|Observed by|| Russia
Middle Eastern Christians in
|Celebrations||cooking traditional food, wearing costumes, trick-or-treating, pumpkins, decorations|
|Next time||4 December 2014|
Eid il-Burbara or Saint Barbara's Day, is a holiday annually celebrated on December 4 among Middle Eastern Christians in Lebanon, Syria, Jordan, and Palestine. It has become Lebanon’s counterpart to the Halloween celebration, although it exited as a tradition much earlier than halloween.  It is celebrated in honor of the Christian Saint and Martyr Saint Barbara. The general belief among Lebanese Christians and some Syrian Christians, is that Saint Barbara disguised herself in many different characters to elude the Romans who were persecuting her.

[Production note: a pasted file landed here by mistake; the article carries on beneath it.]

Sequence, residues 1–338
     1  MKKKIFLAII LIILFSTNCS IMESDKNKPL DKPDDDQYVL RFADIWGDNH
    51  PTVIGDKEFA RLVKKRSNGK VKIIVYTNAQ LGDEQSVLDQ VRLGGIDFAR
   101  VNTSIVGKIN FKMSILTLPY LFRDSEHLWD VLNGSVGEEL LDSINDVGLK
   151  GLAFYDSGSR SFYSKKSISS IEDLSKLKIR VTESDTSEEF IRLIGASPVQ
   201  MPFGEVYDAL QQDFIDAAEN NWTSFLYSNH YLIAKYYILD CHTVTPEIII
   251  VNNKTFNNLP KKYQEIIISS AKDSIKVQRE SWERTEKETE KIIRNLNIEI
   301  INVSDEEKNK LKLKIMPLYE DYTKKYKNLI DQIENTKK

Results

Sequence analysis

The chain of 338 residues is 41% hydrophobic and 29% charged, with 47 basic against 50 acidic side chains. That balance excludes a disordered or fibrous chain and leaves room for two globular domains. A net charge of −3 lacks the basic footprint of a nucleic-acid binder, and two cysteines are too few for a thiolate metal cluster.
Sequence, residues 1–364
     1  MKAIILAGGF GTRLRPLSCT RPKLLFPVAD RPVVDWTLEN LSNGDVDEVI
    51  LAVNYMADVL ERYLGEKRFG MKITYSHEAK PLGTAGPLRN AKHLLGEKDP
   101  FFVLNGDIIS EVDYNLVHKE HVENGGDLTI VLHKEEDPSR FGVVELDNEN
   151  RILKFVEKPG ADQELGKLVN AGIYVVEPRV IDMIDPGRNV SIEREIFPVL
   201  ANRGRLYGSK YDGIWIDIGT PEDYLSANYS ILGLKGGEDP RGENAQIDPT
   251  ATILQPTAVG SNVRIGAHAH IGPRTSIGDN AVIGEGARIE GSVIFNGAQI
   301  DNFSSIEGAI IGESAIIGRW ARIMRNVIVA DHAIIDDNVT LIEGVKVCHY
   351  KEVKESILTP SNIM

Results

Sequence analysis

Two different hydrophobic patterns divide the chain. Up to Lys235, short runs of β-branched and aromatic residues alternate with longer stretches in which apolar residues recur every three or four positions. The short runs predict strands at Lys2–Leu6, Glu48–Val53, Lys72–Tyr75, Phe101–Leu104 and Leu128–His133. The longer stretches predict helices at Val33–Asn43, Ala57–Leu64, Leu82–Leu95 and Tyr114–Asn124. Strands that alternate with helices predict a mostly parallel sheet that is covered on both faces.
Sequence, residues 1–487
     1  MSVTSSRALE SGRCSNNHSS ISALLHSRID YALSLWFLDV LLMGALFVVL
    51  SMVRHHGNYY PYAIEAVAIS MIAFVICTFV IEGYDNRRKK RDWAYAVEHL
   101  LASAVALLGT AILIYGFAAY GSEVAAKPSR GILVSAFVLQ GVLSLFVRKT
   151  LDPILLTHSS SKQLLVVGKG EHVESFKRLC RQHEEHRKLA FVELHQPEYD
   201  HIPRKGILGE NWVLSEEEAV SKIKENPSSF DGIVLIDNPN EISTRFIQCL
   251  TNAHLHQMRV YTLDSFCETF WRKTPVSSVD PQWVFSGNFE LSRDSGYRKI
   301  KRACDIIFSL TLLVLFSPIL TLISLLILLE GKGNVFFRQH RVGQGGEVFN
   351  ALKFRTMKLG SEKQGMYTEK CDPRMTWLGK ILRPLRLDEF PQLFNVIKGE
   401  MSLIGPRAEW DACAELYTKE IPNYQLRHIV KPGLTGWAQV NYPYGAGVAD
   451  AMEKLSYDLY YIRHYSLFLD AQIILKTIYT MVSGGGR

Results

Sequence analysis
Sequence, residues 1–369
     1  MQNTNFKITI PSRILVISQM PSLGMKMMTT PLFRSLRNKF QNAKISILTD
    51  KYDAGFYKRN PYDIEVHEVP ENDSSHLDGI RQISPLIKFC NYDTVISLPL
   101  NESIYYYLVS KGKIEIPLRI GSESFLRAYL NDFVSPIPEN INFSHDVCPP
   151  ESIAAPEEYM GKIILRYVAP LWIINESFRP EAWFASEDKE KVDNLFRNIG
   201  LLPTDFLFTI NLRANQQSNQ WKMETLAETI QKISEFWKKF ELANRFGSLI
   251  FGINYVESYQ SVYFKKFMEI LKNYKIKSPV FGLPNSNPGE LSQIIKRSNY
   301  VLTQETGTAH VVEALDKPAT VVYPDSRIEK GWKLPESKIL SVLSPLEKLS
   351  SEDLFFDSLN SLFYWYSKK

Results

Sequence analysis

The traditional food made on this feast is Burbara, a bowl of boiled wheat grains, pomegranate seeds, raisins, anise and sugar. It is offered to children who go from one house to another in costumes.  In Lebanon, Lebanese Christians cook a dough that is filled with walnuts or cheese. Heavy traffic occurs in bakeries because of people buying the traditional food for this holiday. Children go trick or treating  while singing a special song for Eid il-Burbara. Moreover, Halloween decorations, such as jack-o'-lanterns, can be seen.
A common practice in Lebanon on Eid il-Burbara finds its source on the legend of Saint Barbara who was believed to witness a miracle while fleeing prosecution. She ran through freshly planted wheat fields, which grew instantly to cover her path.
This miracle is recreated symbolically today by planting wheat seeds (or chick peas, barley grains, beans, lentils, etc.) in cotton wool on Saint Barbara’s feast day. The seeds germinate and grow up to around 6 inches in time for Christmas, when the shoots are used to decorate the nativity scene usually placed below the Christmas tree.